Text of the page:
In December 2019 I volunteered at Association Mitsinjo as part of a larger research and conservation trip to Madagascar. During the three weeks in Andasibe I learned all about the amazing and interesting indri, helped with scientific research and got to know lots of lovely people.
At Mitsinjo I helped set up the behavioural study on the indris and I taught the indri guides Andre and Regis how to do behavioural research and collect data. This meant that we had to follow around the indris in the Mitsinjo reserve every day.
My day usually started around 5am, which sounds early but at that time it is already sunny outside and the village is buzzing with people. Breakfast at 5:30 and I left for the forest around 6. A lovely 20-min walk along the road from the guest house to the forest entrance (some days I was greeted by brown lemurs), where Andre or Regis would be waiting for me. We studied the family the entire day, writing down what they were doing or eating. We followed the family of indris from 7am to 4pm, which is the time the indris pick a tree to sleep in and get ready for bed. Staying until the indris prepare for the night means that it is easier to find them the next morning before they start travelling again which is around 7am. It means long days in the field, but when the indris are resting we rested as well and I truly enjoyed being in the dense tropical forest, hearing all the animals around me and looking at and learning about the indri. When indris were resting we also used that time to get to know each other and I learned a lot of Malagasy during those sleeping bouts.
While working at Association Mitsinjo I stayed at Alain’s guest house (Tsierena Guest House), which is the main location where researchers and volunteers and sometimes tourists can stay. It has many rooms of different sizes, from 2-person bedrooms to rooms with multiple bunkbeds, some have private bathrooms and other are shared. There is WiFi, filter water to drink and a living/dining room with a kitchen. Alain works together with Association Mitsinjo so knows how everything works and has close contact with Rainer and Tiana from Mitsinjo. Dede the cook makes the most amazing and varied food, which is always super tasty. I had brought my own breakfast (oatmeal with peanut butter and peanuts) as I preferred that over rice or eggs, but Dede made my lunch and dinner usually. He was even able to prepare my lunch when I went to the field, which required him to get up at 5am to cook so I could take my lunch when I left at 6am.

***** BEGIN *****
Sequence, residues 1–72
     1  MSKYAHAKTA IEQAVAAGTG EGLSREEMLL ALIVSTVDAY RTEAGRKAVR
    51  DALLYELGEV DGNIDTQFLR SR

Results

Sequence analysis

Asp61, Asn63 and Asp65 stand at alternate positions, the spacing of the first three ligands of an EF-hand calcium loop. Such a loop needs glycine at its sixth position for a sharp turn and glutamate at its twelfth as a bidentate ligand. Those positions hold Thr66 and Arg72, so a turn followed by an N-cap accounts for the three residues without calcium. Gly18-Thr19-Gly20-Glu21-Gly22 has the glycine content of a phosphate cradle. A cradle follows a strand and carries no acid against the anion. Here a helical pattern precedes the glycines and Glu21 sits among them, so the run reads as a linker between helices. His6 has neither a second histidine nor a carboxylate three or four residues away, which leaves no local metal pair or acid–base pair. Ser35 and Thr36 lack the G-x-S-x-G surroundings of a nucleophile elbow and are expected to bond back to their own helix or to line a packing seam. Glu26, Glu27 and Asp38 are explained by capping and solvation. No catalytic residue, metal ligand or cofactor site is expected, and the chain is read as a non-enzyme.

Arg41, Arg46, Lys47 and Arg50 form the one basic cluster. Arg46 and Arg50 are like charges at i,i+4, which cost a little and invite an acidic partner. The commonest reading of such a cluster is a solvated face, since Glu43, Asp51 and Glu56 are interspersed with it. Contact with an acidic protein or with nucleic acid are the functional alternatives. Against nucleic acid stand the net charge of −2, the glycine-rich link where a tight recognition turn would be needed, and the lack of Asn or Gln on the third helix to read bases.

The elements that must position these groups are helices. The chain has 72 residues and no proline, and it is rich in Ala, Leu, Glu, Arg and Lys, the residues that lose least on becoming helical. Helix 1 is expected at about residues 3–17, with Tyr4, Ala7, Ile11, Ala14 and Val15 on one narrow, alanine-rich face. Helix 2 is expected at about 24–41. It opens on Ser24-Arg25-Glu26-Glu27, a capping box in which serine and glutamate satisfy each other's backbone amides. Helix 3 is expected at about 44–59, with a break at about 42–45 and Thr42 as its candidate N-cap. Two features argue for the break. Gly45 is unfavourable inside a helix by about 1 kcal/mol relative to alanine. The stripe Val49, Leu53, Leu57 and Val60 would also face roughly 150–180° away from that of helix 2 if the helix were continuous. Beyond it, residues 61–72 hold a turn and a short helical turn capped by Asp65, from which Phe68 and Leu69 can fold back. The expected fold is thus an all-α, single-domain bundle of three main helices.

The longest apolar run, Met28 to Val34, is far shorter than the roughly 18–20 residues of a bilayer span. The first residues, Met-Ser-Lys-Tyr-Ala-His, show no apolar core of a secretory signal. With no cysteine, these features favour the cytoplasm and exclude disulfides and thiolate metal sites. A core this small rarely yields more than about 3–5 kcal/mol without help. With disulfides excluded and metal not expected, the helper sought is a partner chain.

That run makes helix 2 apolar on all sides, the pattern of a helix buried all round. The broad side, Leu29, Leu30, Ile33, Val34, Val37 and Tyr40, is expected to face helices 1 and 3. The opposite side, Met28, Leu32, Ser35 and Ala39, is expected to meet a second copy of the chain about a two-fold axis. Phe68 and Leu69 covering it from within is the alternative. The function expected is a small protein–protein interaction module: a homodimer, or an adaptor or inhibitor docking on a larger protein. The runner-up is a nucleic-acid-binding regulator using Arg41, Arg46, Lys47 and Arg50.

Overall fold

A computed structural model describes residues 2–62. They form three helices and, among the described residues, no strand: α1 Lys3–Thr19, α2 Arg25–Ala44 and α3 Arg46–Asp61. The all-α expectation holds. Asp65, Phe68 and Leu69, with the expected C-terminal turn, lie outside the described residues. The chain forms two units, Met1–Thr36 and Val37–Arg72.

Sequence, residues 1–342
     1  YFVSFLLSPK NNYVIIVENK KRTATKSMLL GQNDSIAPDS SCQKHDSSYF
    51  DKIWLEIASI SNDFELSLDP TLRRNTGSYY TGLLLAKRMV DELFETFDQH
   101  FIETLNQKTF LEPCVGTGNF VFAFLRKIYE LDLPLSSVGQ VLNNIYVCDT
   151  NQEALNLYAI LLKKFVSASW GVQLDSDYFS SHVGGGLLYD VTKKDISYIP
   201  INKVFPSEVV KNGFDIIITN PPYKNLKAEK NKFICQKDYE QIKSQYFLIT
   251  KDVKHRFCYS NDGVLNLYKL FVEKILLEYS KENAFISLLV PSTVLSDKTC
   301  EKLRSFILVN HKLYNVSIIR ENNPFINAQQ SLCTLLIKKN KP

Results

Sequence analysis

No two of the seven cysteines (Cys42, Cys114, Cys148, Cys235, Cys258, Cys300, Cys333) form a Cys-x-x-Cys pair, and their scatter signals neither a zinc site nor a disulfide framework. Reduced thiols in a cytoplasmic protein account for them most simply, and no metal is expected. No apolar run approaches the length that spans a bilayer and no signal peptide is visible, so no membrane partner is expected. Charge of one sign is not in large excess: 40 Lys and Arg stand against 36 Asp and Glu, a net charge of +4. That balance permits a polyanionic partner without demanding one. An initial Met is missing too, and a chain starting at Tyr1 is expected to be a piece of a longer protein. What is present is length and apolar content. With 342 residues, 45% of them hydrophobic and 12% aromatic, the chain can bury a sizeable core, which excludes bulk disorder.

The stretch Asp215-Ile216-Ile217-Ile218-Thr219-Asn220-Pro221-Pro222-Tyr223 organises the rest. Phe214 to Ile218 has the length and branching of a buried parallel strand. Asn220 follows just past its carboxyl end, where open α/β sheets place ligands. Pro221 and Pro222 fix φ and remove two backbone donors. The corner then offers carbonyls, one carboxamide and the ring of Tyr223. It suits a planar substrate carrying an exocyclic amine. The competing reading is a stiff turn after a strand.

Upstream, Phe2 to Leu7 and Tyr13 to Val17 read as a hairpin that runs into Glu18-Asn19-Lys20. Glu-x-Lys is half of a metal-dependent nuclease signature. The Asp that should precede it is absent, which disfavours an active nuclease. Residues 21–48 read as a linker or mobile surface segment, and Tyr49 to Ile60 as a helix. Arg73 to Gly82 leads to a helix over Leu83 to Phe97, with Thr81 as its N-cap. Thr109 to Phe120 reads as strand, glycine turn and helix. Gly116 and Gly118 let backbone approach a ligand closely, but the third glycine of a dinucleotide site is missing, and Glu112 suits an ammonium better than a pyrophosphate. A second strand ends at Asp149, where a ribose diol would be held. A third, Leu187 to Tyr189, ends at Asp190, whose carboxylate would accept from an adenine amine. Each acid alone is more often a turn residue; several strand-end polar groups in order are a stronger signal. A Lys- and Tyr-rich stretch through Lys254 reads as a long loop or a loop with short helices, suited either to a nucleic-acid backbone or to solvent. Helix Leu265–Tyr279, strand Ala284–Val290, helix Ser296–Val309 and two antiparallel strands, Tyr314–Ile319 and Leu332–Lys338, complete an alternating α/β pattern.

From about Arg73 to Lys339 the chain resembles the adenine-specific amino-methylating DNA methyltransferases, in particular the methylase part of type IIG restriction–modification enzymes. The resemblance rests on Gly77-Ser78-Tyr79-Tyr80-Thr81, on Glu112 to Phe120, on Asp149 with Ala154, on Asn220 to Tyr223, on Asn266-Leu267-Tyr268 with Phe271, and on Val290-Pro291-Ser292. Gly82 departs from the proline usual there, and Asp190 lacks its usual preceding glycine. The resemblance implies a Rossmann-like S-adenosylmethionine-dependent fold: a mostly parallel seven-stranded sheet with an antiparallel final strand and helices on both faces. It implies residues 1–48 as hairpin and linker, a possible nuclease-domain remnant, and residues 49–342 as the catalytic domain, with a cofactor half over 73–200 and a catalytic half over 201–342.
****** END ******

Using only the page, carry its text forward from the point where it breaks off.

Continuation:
The guest house is in Andasibe, which is a lovely little village and is about 2km (1.3mi) from the reserve and Mitsinjo office. Andasibe has some shops where you can get souvenirs made by locals, snacks and non-market foods such as chips, chocolate or yoghurt or if you need a notebooks and pens. There is also a little electronics shop where I got my watch fixed, which was amazing.
During my free time I visited VOIMMA community park, a small reserve close to Andasibe also managed by locals. We also went to Vakona Private reserve, which has an amazing restaurant where we celebrated one of the researchers birthdays. This reserve has a sort of zooish type place called Lemur Island and holds multiple lemur species, but also crocodiles and fossas.
There are two big national parks namely the Andasibe and Mantadia national park where you can do lovely (multi-day) hikes and there is a bigger chance you can see the diademed sifaka.
Association Mitsinjo itself often has a lot going on. For example, I was invited to join the education team and go to some schools in the area. They also have night hikes (the only ones in the area) which gives you a chance to see interesting reptiles such as chameleons or geckos.
- It’s a tropical rainforest, so bring waterproof clothing and gear (I even brought an umbrella which came in handy)
- There are many mosquitos and the occasional leech, so bringing good protection is important
- Items like Tupperware (for field lunches), binoculars, a sitting pad are good to bring with you in the field
- A torch and portable charger are convenient when the electricity goes out, which happens more often than you think
- People always appreciate it when you bring some treats from your own country and it’s a great conversation starter!
- Locals are sometimes very poor, I brought some supplies from home to give to people here. For example, second hand clothing, school supplies or old cell phones. The international flight often allows 2x23kg bags, so you’ll probably have some space left to fill up with this stuff.
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